This article is from the American misconceptions about Japan FAQ, by Tanaka Tomoyuki email@example.com with numerous contributions by others.
I recognize influence of HONDA Katuiti and C. Douglas Lummis in
everything I write. for the material covered in this article I
was especially helped by these two books by Lummis.
--- C. dagurasu ramisu. "nai-naru gaikoku: KIKU TO KATANA saikou".
jiji-tuusin-sha. 1981. (see Section (0.3))
--- dagurasu ramisu, ikeda masayuki. "nihonjin-ron no sinsou"
--- Stanly Sue and Harry H.L. Kitano.
"Stereotypes as a measure of success".
Journal of Social Issues. Vol 29, No 2 (1973).
this paper traces the changes of Chinese and Japanese
stereotypes in the USA. it was written in the early
1970s, when these Asian stereotypes were probably at
their most favorable point ever.
--- [booklet "Asian Pacific Americans" 1988 (?)]
"Asian Pacific Americans: A handbook on how to cover and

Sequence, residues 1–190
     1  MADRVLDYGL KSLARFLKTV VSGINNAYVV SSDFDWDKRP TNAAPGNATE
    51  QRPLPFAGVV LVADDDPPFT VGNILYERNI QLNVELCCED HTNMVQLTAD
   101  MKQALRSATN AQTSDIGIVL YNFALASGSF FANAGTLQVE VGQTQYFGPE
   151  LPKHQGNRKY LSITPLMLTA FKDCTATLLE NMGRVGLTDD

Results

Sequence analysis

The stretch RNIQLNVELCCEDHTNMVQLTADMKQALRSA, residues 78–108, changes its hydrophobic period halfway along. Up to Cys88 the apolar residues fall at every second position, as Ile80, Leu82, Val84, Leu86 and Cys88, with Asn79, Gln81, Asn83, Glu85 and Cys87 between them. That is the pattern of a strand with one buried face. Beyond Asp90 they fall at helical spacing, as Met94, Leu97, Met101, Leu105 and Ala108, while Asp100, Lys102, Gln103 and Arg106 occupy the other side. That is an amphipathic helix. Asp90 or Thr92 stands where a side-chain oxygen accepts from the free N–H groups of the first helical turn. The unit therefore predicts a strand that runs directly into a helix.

portray our nation's fastest growing minority group."
about 80 pages. out of print.
(some excerpts available in my WWW site.)
--- the negative images described in this article are big factors
in "disparity in Asian/white interracial dating FAQ"
(v7, 1300 lines). see the FTP locations in Section (A).
--- Tanaka, "American WW2 myths and propaganda about Japan: 1941 to
present" (forthcoming article) will examine the following myths
in greater detail.
MYTH: the Pearl Harbor attack was sneaky and unfair.
MYTH: Japan sweeps history under the carpet.
MYTH: Japanese are more fanatical than Americans.
MYTH: use of atomic bombs on Japan is justified because
 it was a retaliation against the Pearl Harbor attack.
 it was necessary to avoid land invasion and to save
 it was a punishment for Japan's misbehavior in Asia.
 it hastened WW2's end.
after posting versions of Section (E) in Nov and Dec 1994, I
found the following books in January 1995.
--- Sheila K. Johnson. "The Japanese through American eyes", 1991.
--- Endymion Wilkinson. "Japan versus the West: image and reality",
Penguin Books, 1990. ($9.95 in the USA)
the author Wilkinson was born and raised in England, and got
his Princeton Ph.D. in East Asian studies. he seems to speak
at least four languages fluently: English, French, Chinese, and
Japanese. he became an EC diplomat and served for six years in
Tokyo and for six years in Southeast Asia. the book has three
major parts: the West as seen by Japan, Japan as seen by the
West, and economic frictions.